Ancient history faces the sword
From next year, students who want to study Athenian democracy or the Roman Empire could only do so in what classicists call a "very diluted" form if the OCR board's plan goes ahead.
The move was unveiled today in draft A-level specifications that would see ancient history being merged with classical civilisation. This is despite the fact that since 2000 the numbers taking ancient history have trebled from about 300 to 1,000.
Peter Jones, of the National Co-ordinating Committee for Classics, said classicists had not been consulted. "There will be no chance for anyone to study in depth at A-level topics such as Athenian democracy and the battle of Thermopylae, the Roman Republic or the Roman Empire," he said.
"A generation of students has been stimulated by Boris Johnson's TV series on the Roman Empire and high-profile films such as Gladiator and 300. It is a supreme irony that they will have no opportunity to pursue ancient history in-depth post-16."
The ancient history A-level, devised by Cambridge historian Sir Moses Finley, dates from the 1960s. It has encouraged students to use primary sources, translated into English, to learn about the ancient world. It has recently won a following in FE colleges. Dr Jones said more state students study it than those in the private sector. He said classical civilisation is a study of cultures rather than history, so ancient history would no longer be taught.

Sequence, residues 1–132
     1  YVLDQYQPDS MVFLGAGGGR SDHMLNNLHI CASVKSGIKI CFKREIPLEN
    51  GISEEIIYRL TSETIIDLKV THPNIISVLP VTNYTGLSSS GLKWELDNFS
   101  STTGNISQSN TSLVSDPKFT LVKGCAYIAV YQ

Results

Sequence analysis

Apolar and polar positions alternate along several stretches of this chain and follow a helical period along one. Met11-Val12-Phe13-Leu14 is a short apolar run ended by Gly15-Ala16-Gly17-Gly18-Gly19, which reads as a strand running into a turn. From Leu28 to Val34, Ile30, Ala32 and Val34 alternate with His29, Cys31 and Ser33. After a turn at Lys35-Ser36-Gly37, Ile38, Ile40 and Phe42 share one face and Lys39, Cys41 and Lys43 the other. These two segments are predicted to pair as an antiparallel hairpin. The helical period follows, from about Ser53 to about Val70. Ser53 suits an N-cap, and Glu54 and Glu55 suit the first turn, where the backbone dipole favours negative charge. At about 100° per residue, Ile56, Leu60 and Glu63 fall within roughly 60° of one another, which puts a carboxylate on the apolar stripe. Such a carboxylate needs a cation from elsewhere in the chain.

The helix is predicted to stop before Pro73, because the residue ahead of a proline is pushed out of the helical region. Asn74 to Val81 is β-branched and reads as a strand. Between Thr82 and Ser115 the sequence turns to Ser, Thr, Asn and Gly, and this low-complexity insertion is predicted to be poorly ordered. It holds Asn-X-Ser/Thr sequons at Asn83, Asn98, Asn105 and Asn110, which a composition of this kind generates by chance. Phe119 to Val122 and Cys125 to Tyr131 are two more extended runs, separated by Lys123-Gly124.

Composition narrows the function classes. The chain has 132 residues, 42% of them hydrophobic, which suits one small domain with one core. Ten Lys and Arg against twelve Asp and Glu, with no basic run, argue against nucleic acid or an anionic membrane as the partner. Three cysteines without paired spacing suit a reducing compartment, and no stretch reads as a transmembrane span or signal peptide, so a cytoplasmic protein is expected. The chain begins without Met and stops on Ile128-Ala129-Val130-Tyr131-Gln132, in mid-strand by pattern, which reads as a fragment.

OCR's move is the latest in a string of changes suggested by exam boards in a bid to reduce their overheads. In 2004, the AQA board prompted complaints in Parliament when it proposed to scrap Latin and Greek GCSEs and A-levels.
But the Government accepted the move because OCR continued to run the courses.
Last year, Edexcel backtracked on a plan to abandon music technology A-level, for which it is the only board, following complaints from teachers.
An OCR spokesman said similar content to ancient history was covered in the new classical civilisation A-level. He said: "OCR is committed to enabling students to study classics and we are the only awarding body still offering a comprehensive suite of A-levels in this field.
"It is designed to allow classics to flourish over the next two decades, meeting the needs of schools and colleges, and matches the revised (government) subject criteria for classics."